CT is currently the gold standard in radiation therapy treatment planning. MRI provides a number of advantages over CT, including improved accuracy of target delineation, reduced radiation exposure, and simplified clinical workflow. There are two major technical hurdles that are impeding the clinical adoption of MRI-based radiation treatment planning: (1) geometric distortion, and (2) lack of electron density information. The goal of this project is to develop novel image analysis and computational tools to enable MRI-based radiation treatment planning. We hypothesize that accurate patient geometry and electron density information can be derived from MRI if the appropriate MR image acquisition, reconstruction, and analysis methods are applied.
In Aim 1, we will improve the geometric accuracy of MRI by minimizing system-level and patient- specific distortions. To maintain sufficient system-level accuracy, we will perform comprehensive machine- specific calibrations and ongoing quality assurance procedures. To correct patient-induced distortions, we will develop novel computational tools to derive a detailed magnetic field distortion map based on physical principles, which is used to correct susceptibility-induced spatial distortions.
In Aim 2, we will develop a unifying Bayesian method for quantitative electron density mapping, by combining the complementary intensity and geometry information. By utilizing multiple patient atlases and panoramic, multi-parametric MRI with differential contrast, we will apply machine learning techniques to encode the information given by intensity and geometry into two conditional probability density functions. These will be combined into one unifying posterior probability density function, which provides the optimal electron density on a continuous scale.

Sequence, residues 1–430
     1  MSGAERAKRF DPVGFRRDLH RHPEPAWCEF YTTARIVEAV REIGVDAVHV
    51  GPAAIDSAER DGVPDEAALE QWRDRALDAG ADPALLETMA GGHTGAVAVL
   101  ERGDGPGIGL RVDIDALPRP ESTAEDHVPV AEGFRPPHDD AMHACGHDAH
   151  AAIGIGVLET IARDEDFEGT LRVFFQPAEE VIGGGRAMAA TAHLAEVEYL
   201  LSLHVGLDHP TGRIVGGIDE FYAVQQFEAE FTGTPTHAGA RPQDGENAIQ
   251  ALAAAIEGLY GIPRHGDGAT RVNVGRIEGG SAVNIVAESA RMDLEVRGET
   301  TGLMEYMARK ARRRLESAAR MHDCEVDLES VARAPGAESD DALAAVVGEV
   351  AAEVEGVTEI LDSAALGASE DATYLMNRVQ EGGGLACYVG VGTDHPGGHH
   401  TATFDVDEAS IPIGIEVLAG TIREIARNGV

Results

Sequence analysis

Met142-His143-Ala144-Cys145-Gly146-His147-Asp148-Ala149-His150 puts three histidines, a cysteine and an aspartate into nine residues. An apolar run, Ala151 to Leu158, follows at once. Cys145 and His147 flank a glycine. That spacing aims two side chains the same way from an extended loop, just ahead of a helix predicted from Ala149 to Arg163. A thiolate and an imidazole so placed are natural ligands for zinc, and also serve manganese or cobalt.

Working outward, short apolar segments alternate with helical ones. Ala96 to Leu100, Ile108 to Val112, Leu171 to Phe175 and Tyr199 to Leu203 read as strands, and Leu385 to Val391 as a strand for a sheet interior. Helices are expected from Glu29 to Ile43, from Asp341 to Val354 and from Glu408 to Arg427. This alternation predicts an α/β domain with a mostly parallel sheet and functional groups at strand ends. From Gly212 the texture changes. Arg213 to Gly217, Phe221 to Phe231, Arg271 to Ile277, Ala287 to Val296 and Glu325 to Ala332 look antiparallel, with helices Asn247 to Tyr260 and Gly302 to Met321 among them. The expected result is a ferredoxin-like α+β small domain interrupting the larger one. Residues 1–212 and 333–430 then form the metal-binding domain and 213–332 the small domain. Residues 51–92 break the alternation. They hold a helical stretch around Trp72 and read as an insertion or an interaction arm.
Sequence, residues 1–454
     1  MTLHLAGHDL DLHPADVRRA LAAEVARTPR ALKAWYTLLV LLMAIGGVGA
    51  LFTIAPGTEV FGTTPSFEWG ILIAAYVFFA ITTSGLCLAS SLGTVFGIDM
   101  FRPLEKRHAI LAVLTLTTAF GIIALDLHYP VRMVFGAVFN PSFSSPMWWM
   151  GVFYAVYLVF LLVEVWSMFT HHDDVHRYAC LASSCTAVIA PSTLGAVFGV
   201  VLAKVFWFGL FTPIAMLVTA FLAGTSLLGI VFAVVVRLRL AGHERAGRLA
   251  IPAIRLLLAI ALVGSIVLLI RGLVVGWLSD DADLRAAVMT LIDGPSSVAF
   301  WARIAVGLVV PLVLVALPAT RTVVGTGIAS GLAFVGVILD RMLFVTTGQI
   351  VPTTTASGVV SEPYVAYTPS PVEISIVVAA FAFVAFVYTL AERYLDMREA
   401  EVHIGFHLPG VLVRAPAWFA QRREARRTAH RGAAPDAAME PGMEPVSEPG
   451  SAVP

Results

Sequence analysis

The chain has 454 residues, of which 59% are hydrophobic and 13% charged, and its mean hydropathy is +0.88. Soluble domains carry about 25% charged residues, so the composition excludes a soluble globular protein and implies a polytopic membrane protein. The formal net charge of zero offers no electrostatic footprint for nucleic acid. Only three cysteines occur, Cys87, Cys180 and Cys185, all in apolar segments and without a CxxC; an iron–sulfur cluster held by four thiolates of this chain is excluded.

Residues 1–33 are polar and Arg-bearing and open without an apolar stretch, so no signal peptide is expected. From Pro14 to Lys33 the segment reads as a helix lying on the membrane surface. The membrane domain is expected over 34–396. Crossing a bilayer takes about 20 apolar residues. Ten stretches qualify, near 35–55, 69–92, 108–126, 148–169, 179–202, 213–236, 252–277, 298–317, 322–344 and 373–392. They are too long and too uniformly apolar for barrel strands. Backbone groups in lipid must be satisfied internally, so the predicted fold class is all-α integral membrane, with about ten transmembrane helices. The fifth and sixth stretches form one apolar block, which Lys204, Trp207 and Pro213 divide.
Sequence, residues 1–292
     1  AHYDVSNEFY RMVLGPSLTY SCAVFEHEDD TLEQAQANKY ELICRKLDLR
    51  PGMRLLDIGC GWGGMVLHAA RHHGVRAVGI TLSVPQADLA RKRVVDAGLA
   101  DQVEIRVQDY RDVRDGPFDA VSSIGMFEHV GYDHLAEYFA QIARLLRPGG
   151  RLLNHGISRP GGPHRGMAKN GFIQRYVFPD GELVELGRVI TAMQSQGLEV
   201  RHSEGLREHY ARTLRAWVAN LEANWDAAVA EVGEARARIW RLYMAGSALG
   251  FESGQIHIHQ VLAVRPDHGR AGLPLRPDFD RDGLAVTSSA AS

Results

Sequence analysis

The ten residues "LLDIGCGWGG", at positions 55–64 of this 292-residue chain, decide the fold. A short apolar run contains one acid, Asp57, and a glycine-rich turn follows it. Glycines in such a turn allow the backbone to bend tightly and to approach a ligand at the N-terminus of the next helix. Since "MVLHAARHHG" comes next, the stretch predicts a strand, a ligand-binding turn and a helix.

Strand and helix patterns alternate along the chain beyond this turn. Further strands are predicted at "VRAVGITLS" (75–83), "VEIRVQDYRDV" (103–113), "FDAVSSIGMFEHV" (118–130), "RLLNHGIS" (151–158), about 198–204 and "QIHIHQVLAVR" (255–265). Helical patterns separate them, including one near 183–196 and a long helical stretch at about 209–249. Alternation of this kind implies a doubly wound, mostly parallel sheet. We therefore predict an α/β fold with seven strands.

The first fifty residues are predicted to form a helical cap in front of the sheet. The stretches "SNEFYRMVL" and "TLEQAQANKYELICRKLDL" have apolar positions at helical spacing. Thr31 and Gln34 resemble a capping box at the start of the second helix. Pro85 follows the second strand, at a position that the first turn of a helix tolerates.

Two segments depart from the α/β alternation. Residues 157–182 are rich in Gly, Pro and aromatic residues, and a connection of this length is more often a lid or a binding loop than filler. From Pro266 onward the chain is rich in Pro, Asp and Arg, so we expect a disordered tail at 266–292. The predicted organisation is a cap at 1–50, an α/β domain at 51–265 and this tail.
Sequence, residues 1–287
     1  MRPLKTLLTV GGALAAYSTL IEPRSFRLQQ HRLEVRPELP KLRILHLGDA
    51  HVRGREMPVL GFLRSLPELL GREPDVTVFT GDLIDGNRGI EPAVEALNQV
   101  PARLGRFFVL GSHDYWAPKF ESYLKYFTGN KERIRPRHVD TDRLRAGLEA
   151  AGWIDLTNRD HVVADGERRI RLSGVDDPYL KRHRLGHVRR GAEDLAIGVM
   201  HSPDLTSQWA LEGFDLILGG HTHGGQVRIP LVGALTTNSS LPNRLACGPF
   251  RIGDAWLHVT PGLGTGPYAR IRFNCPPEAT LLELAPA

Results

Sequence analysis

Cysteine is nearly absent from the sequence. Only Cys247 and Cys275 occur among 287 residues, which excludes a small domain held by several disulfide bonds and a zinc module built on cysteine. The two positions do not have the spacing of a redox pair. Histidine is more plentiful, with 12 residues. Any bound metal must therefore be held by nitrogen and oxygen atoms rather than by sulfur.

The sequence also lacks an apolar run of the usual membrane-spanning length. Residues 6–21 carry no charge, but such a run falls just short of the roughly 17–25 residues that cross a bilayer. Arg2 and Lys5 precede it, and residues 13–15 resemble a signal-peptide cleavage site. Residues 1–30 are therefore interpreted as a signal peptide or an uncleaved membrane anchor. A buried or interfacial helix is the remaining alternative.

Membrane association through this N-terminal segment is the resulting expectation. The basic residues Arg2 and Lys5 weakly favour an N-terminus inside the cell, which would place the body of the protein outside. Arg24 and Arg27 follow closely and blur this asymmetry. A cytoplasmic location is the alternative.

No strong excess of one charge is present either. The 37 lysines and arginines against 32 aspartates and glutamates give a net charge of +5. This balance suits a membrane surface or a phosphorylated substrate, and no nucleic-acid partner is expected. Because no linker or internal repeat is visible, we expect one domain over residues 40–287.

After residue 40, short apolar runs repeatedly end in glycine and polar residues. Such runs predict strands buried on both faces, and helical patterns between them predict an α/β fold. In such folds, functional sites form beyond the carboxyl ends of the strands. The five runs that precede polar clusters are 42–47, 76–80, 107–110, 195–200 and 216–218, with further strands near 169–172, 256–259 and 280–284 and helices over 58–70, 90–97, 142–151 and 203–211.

In Aim 3, we will clinically evaluate the geometric and dosimetric accuracy of MRI for treatment planning in terms of 3 primary end points: (1) organ contours, (2) patient setup based on reference images, and (3) 3D dose distributions (both photon and proton), using CT as the ground truth. These evaluations will be conducted through patient studies at multiple disease sites, including brain, head and neck, and prostate. Success of the project will afford distortion-free MRI with reliable, quantitative electron density information. This will pave the way for MRI-based radiation treatment planning, leading to an improved accuracy in the overall radiation therapy process. It will streamline the treatment workflow for the MRI-guided radiation delivery systems under active development. With minimal modification, the proposed techniques can be applied to MR-based PET attenuation correction in PET/MR imaging. More broadly, the unifying Bayesian formalism can be used to improve current imaging biomarkers by integrating a wide variety of disparate information including anatomical and functional imaging such as perfusion/diffusion-weighted imaging and MR spectroscopic imaging. It will facilitate the incorporation of multimodality MRI into the entire process of cancer management: diagnosis, staging, radiation treatment planning, and treatment response assessment.
The goal of this project is to develop novel image analysis and computational tools to enable MRI-based radiation therapy treatment planning. Success of the project will overcome the major technical hurdles in the use of MRI in radiation therapy and will afford distortion-free MRI with reliable, quantitative electron density information. It will pve the way for MRI-based radiation treatment planning, leading to an improved accuracy in the overall radiation therapy process.
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